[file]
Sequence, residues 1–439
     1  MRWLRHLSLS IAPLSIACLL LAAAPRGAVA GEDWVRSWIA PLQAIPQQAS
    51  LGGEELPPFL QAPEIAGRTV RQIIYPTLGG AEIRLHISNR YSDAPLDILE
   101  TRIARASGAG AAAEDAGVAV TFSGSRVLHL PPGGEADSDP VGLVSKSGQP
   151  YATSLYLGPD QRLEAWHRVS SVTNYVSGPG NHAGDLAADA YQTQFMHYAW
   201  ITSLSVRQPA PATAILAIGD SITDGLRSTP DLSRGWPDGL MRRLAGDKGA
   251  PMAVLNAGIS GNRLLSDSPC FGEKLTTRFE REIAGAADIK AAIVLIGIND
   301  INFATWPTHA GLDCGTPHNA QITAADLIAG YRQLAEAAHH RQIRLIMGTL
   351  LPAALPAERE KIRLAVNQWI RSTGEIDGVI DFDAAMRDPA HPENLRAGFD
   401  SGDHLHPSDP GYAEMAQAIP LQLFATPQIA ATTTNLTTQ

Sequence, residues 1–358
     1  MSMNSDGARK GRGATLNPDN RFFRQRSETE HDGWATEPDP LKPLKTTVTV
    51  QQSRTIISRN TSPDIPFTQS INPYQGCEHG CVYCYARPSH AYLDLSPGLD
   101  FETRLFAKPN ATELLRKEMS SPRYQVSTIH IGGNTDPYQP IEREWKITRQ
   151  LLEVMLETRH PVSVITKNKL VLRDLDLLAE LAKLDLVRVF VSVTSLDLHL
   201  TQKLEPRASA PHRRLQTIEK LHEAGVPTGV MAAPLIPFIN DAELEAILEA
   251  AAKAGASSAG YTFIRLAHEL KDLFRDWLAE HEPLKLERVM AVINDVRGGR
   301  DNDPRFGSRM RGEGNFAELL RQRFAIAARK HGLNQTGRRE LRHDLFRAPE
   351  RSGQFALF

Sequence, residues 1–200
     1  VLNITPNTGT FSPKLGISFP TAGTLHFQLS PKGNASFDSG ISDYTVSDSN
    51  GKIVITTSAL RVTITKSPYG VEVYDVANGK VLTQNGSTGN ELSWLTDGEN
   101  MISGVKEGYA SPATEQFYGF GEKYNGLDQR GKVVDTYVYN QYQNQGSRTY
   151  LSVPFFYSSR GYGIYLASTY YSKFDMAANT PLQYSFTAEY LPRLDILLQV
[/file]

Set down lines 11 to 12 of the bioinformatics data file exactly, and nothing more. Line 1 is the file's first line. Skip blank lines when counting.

Sequence, residues 1–358
     1  MSMNSDGARK GRGATLNPDN RFFRQRSETE HDGWATEPDP LKPLKTTVTV